IN BRIEF

2461 True development concerns the whole man. It is concerned with increasing each person's ability to respond to his vocation and hence to God's call (cf CA 29).

In his Encyclical, “Sollicitudo Rei Socialis”, Pope John Paul II discusses economic development.

17. However much society worldwide shows signs of fragmentation, expressed in the conventional names First, Second, Third and even Fourth World, their interdependence remains close. When this interdependence is separated from its ethical requirements, it has disastrous consequences for the weakest. Indeed, as a result of a sort of internal dynamic and under the impulse of mechanisms which can only be called perverse, this interdependence triggers negative effects even in the rich countries. It is precisely within these countries that one encounters, though on a lesser scale, the more specific manifestations of under development. Thus it should be obvious that development either becomes shared in common by every part of the world or it undergoes a process of regression even in zones marked by constant progress. This tells us a great deal about the nature of authentic development: either all the nations of the world participate, or it will not be true development.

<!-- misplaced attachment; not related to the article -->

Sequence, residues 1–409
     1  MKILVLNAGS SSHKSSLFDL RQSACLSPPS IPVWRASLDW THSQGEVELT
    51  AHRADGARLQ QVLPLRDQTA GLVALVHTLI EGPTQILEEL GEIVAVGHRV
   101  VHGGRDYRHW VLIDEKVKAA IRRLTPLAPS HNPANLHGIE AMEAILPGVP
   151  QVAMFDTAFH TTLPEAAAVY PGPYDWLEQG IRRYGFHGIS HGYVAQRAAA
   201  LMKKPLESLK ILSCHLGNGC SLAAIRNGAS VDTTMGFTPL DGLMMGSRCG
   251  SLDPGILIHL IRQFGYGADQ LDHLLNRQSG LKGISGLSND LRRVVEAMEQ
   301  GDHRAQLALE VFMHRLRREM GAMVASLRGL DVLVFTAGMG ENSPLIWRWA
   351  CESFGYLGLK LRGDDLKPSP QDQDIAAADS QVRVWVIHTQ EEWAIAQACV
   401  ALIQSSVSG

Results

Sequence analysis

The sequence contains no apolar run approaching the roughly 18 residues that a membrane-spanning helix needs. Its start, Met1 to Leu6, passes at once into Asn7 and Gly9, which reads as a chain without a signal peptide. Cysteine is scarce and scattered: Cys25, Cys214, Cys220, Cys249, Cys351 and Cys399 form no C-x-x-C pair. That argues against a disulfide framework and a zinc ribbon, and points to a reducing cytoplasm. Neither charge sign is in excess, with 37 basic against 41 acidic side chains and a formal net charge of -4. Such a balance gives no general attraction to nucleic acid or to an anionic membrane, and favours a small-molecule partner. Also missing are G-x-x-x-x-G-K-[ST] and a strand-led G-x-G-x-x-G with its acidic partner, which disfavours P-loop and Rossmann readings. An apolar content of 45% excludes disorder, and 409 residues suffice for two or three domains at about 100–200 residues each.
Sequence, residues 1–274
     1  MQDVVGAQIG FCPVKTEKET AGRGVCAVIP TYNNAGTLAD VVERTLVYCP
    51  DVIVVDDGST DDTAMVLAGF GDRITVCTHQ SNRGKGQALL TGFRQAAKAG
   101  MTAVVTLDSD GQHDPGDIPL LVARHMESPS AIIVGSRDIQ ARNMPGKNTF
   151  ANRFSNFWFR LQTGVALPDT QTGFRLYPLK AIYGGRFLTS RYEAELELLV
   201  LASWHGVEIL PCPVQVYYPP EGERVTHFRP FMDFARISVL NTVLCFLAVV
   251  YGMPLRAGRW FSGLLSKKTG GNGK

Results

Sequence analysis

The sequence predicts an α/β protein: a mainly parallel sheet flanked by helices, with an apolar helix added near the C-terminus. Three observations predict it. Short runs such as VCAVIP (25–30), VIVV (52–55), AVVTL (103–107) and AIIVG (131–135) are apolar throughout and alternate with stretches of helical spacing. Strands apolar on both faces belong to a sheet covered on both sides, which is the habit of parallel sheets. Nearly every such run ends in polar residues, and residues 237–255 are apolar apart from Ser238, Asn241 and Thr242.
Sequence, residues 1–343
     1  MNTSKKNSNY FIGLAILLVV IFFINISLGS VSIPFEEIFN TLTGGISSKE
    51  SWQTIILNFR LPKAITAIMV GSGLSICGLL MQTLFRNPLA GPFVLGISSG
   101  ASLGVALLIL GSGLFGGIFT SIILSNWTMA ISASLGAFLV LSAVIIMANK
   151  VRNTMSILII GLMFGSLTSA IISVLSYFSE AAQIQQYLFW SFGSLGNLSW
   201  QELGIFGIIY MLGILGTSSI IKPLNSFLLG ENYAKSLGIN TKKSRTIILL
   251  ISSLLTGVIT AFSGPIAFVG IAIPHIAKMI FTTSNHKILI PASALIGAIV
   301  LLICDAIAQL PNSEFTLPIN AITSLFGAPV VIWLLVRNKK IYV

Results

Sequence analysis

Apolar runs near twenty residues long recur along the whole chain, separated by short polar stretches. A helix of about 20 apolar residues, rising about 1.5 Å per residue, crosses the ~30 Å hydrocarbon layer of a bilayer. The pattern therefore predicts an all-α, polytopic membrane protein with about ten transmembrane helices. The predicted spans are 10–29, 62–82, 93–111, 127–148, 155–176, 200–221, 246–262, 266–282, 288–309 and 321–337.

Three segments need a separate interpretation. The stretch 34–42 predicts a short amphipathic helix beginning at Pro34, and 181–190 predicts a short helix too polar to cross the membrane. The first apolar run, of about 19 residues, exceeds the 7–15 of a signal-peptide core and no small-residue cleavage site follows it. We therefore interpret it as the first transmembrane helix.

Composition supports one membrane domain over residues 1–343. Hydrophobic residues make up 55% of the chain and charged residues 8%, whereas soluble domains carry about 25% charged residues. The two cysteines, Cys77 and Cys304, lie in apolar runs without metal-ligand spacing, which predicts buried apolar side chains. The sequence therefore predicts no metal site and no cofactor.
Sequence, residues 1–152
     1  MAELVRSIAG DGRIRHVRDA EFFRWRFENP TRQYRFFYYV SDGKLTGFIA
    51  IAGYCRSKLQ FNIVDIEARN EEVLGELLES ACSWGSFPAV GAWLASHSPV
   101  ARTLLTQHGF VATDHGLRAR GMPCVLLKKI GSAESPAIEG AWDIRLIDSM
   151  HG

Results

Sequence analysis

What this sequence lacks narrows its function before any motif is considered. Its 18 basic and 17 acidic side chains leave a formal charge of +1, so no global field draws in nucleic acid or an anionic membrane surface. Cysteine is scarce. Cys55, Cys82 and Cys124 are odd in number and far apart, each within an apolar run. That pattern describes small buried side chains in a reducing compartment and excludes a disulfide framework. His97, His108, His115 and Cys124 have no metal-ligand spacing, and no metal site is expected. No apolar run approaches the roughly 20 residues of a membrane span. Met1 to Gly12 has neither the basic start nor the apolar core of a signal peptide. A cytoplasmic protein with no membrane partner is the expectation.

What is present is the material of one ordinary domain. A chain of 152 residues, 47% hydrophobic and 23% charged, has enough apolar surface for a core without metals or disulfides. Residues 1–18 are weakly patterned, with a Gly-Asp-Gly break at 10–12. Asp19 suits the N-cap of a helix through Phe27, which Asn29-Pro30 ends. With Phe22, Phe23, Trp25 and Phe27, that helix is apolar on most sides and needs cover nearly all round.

Footnotes

222 Cf. LE 18.
223 Cf. SRS 14.
224 SRS 9.
225 Cf. SRS 17; 45.
226 CA 28; Cf. 35.
227 Cf. SRS 16.
228 Cf. CA 26.
229 Cf. SRS 32; CA 51.
230 SRS 47 # 6; cf. 42.



Year of Faith Catechism Study: CCC 1939-1942, 1948 – Human Solidarity

clock June 2, 2013 01:02 by author John |